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So just for equal time and maybe so people can say why they use the prong in the other thread, and people can say other things they use in this thread without mixing them together...here we go...

I use my brain first and foremost of any tool. I watch the dog, try to figure out what motivates it, and then try to put myself in front of the dog as interesting and motivating.

Then I use the relationship - fun play, outings, time spent together doing things (or not doing things) and training.

For training a flat buckle collar is nice, and I use the Volhard Motivational Method for a lot of on leash stuff. I find it easier to get a dog to heel, then to not pull in a general walking situation and have to work on that!

I also use martingales - no slips.

I have decided I like the Easy Walk front clip harnesses. I am now working on this with a hound-lab mix puppy that I am fostering. Eeeyikes! Two types of dog fighting inside him!

How about you? :D
 

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When Karlo was young, I trained with no collar or leash. He was so engaged with me that there was no need. His recall was awesome as well. Because he never had a leash on, he has never, ever run off or not come when I call him. I used food and toys to keep his focus on me. Of course off the property we have to use a collar so I've used a flat collar. He is handler sensitive.
I never put a prong on him until he was about 14 months and use it only in protection training. And then I also have a fursaver attached to another line so the prong isn't the only collar being used.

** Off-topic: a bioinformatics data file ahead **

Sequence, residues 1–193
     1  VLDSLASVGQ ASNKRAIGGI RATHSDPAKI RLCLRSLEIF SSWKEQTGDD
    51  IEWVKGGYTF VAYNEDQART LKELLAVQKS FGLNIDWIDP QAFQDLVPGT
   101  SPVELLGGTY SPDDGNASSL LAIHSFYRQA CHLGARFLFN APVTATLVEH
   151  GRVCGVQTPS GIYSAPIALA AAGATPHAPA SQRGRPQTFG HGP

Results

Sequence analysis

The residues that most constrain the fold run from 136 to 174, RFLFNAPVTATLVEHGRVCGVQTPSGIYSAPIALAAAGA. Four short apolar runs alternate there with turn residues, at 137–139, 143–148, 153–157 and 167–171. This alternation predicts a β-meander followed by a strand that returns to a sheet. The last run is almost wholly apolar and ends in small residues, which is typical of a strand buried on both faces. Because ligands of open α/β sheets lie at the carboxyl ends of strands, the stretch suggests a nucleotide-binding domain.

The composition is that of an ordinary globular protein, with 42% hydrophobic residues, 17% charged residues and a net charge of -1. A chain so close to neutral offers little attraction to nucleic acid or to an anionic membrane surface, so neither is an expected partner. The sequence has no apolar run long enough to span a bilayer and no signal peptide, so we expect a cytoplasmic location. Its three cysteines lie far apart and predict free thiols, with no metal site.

Onyx has had a gentle leader, which she hated, so we went with
a front-clip sensations harness, which rubbed her because she was reactive, so I put a prong on her(attached to a tab leash) along with a flat(with her longer leash).
As she is over 90# and very strong, I do feel better with the prong when I need it. I don't want to use the prong when she is in a reactive mode because it will ramp her up. I use it mostly for correcting her when she continues to pull.

Kacie has done well on a no-slip martingale, she is also handler sensitive but will get reactive now and then with other dogs. The no-slip is all I've needed with her. When I first got her, my DH had re-adjusted her collar thinking it needed to be looser(we never have the collars on the dogs at home) and she slipped out of it on me at the pet store, busy roadway and luckily my son grabbed her scruff to keep her from running off. I learned my lesson to check the tightness that day!